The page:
Source: Associated Press:
In Afghanistan, a woman has been strangled to death, apparently by her husband, who was upset that she had given birth to a second daughter, rather than the son he wanted, police reported.
The woman’s husband, Sher Mohammad, fled the Khanabad district in Kunduz province last week, about the time a neighbor found his 22-year-old wife dead in their house, said District Police Chief Sufi Habibullah. Medical officers who examined the body, said she had been strangled. The woman, named Estorai, had warned family members that her husband had repeatedly abused her for giving birth to their first daughter, and had threatened to kill her if it happened again. Estorai gave birth to her second daughter between two and three months ago.
Imagine if you will, the fear that must have gripped that young mother; not only did she suffer the life-threatening process of childbirth in such a backward country, but also the knowledge that giving birth to a daughter, could end her life. And the thought that if she was killed by her husband, her daughters’ lives would also be at risk. My heart goes out to those two little motherless girls. What future do they have in such a misogynist country?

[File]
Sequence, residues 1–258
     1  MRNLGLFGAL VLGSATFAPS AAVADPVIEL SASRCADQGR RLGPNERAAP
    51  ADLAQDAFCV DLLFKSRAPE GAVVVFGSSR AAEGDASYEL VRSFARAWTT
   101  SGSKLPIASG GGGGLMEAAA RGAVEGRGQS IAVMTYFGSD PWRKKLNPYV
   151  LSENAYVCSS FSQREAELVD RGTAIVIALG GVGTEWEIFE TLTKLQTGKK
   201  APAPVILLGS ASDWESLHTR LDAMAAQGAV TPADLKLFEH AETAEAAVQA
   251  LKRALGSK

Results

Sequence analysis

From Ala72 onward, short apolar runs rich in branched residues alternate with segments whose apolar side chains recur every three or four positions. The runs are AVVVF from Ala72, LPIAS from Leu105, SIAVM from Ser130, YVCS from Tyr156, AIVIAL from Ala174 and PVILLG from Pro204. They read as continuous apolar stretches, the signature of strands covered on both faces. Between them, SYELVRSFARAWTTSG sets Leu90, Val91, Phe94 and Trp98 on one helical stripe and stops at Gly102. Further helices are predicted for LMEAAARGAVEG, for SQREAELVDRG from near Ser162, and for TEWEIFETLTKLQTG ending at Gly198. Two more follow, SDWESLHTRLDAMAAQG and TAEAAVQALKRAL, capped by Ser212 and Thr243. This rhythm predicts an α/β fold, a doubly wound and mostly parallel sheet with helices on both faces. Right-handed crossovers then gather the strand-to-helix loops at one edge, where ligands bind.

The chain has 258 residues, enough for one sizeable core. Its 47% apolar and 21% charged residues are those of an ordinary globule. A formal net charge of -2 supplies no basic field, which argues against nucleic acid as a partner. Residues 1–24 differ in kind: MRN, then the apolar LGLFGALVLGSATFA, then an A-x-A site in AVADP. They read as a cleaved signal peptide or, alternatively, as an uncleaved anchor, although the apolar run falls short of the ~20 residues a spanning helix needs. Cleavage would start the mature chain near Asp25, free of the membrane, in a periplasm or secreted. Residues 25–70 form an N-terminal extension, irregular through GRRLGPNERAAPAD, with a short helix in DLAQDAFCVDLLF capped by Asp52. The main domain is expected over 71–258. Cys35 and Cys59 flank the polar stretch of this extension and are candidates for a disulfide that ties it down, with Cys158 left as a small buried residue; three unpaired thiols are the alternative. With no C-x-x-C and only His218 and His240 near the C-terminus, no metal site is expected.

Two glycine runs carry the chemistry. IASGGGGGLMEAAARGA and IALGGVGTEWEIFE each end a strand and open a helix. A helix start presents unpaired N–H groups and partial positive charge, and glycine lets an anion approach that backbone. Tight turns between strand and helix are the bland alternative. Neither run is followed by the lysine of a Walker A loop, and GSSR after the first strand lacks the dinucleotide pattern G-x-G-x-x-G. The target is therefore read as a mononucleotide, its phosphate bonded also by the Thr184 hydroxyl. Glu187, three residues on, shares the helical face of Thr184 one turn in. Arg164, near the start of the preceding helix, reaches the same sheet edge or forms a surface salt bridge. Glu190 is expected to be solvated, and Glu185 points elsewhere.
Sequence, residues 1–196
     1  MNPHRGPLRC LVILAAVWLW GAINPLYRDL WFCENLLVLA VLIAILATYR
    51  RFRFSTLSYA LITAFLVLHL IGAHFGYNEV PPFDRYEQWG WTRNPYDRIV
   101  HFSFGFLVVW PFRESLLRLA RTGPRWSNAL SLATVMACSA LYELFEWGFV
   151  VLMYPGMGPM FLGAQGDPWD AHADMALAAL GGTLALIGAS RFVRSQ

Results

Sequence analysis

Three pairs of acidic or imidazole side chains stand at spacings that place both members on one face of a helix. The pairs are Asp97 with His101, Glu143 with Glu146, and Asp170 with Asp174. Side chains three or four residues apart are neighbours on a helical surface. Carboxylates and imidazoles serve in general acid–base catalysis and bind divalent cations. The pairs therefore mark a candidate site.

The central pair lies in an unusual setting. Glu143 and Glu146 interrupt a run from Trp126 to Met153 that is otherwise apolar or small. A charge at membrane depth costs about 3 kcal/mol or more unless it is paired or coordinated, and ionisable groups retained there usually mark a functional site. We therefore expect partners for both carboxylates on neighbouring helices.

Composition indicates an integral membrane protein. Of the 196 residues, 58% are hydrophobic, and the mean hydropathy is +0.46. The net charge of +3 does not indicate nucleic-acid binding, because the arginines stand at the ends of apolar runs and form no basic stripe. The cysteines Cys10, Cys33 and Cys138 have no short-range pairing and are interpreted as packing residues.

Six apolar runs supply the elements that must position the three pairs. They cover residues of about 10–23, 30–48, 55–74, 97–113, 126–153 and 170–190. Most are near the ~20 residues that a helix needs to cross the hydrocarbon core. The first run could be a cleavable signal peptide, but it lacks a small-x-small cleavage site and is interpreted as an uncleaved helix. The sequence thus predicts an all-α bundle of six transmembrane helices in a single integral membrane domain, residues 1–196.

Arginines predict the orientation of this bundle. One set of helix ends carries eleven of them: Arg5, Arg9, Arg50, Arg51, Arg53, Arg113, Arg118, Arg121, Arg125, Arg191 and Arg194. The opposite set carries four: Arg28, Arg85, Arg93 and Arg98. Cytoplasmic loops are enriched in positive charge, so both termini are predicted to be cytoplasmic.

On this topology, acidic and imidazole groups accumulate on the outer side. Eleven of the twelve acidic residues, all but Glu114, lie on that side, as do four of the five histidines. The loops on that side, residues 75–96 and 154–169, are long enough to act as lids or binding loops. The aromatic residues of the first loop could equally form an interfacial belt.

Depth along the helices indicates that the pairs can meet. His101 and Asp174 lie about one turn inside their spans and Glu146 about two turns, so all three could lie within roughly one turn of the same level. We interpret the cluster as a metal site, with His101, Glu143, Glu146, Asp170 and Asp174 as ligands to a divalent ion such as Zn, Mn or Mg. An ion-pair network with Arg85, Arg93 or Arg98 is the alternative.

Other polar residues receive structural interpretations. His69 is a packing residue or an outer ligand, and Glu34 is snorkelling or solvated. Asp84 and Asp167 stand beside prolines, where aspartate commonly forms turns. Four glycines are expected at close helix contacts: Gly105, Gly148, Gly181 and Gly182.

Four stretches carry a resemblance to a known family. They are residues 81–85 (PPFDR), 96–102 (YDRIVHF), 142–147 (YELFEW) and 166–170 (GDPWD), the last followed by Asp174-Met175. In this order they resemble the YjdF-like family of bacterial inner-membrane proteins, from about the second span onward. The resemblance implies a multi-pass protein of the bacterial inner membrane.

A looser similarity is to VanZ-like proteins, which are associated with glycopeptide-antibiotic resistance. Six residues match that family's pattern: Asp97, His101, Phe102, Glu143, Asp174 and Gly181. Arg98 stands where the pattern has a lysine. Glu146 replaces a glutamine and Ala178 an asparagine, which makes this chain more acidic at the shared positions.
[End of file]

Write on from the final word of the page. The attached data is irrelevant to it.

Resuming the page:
Police took the man’s mother into custody because she appears to have collaborated in a plot to kill her daughter-in-law. She swears that Estorai committed suicide by hanging, although Police said they found no rope and no evidence of hanging.
It was the latest in a series of grisly examples of subjugation of women which have made headlines in Afghanistan in the past few months. We will never know how many infant girls are murdered at birth, but you can be sure it’s happening. Nothing changes, and hasn’t for thousands of years.
Really, what has ten years of war achieved for women and girls in Afghanistan? I can’t see how anything will change for the better until women have the same freedoms as men and until girls can go to school. But that could take many more decades. In the meantime, America has protected it’s access to oil, thousands of people have died, and women are still being oppressed!
These events beg the question: What will happen to the push for women’s rights in Afghanistan as the international presence there shrinks along with the military drawdown. NATO forces are scheduled to pull out by the end of 2014?
During 10 years of war, since Taliban rulers have been ousted, it’s true that some progress has been made for women’s rights in Afghanistan, with many attending school, working in offices and even sometimes marching in protests. But the abuse and repression of women is still common, particularly in rural areas where women are forbidden to set foot outside of the house without a burqa robe that covers them from head to toe.